Another poem “Flayed,” metaphorically hints at the flaying of the speaker’s “my Oskar” and his “flapped open” vest and that of the flaying of a spring hare:
“…the night they took him into the forest. / Sternum cracked, yanked out with ribs attached, lifted into a cast iron / pot, laid on a bed of early greens and sorrel for a sour stock tomorrow.”
Subtle, the metaphor of Oskar, as the “flayed,” or not so subtle. On first read the poem leans more imagistically toward the preparation of “this one a spring hare. Not fat enough” with all of its crude culinary skinning and butchery, “the meal for today.” Yet, on a closer second read, here, is where Todd’s craft is perfected. With no explanation, Oskar, no doubt, the hunted game for the death pot, cast iron, no less. Hunted and killed by the Germans as predators, upon the helpless prey. What really struck me was Todd’s choosing of the German name “Oskar” and how closely it resembles the word, “hare,” and also (intentionally or not) how ironically Oskar as in Schindler, the German industrialist (from the movie Schindler’s List), credited with saving the lives of over a thousand Jews. Deliberate or not? I think Todd’s choice.
There’s so much more to “Flayed,” but for the sake of space, I will return to Oskar and touch on the wonderfully crafted, double (quiet) meaning of the line (quoted above, yet worth repeating): “laid on a bed of early greens and sorrel for a sour stock tomorrow.” Yes, our Oskar and hare laid out (in death) on natural “greens and sorrel” and the sourness of it all, when death is felt more on the morrow. And a line from the last stanza:
“…They took the chickens, eggs, the cow, the pretty girls, the men.”
Those living day to day, working for the Germans, lived in their own trenches of fear, starvation, and daily despair. Also, apparent in Todd’s succinct, poetic accounts of war’s abuse: “Daughter,” “Mother,” women, men, unborn, and children, all of the preyed upon and their predators (Doktor and “Commander”). This cast of characters caught in the ugliness of hellish war, as it tore apart basic fibers, scourged human-essence, and demeaned dignity of those whom should have been spared, yet made to endure the crippling torments of bare bone survival: cruel, non-sacred war.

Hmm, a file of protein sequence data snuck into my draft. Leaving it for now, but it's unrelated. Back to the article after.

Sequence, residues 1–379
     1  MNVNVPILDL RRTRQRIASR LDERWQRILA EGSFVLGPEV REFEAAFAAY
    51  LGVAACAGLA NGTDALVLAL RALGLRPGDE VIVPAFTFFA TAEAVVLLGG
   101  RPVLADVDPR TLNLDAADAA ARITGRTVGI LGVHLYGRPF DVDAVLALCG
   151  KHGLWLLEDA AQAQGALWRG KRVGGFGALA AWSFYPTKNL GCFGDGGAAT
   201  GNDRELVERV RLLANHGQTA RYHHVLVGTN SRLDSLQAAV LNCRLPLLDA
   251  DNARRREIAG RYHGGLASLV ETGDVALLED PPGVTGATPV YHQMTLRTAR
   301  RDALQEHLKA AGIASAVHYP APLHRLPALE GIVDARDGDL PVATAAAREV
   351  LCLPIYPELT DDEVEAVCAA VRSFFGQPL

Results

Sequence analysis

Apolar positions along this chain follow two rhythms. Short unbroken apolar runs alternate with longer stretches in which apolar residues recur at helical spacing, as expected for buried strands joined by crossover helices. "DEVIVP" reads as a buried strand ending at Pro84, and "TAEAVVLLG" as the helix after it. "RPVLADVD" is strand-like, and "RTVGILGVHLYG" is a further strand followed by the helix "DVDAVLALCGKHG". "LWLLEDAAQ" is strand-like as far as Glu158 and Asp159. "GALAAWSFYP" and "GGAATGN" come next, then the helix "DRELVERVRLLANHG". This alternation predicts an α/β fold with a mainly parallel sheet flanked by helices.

Every page a reminder of “Not our lives, but lives / of the dead, escaped / into us. Grave, / we open to them.” J.C. Todd makes your gut wrench, brands you mind with horrific images—lest we grow too comfortable; lest we forget that freedom comes at an extremely high cost; lest we stop listening to the voices of all whom suffered cruel injustices, the brutalities of wartime. Beware: some of these same atrocities happening, even now, on “Earth.”
You can find the book here: https://squareup.com/store/moonstone-arts-center/
Diane Sahms-Guarnieri is the author of four collections of poetry, most recently The Handheld Mirror of the Mind (Kelsay Press, July 2018) and Images of Being; Light’s Battered Edge; and Night Sweat. She has been published in The Philadelphia Inquirer, Many Mountains Moving, Indiana Journal, among others, with poems forthcoming from Sequestrum Journal of Literature and Arts. She is poetry editor at North of Oxford, an online literary journal. Visit her at http://www.dianesahms-guarnieri.com/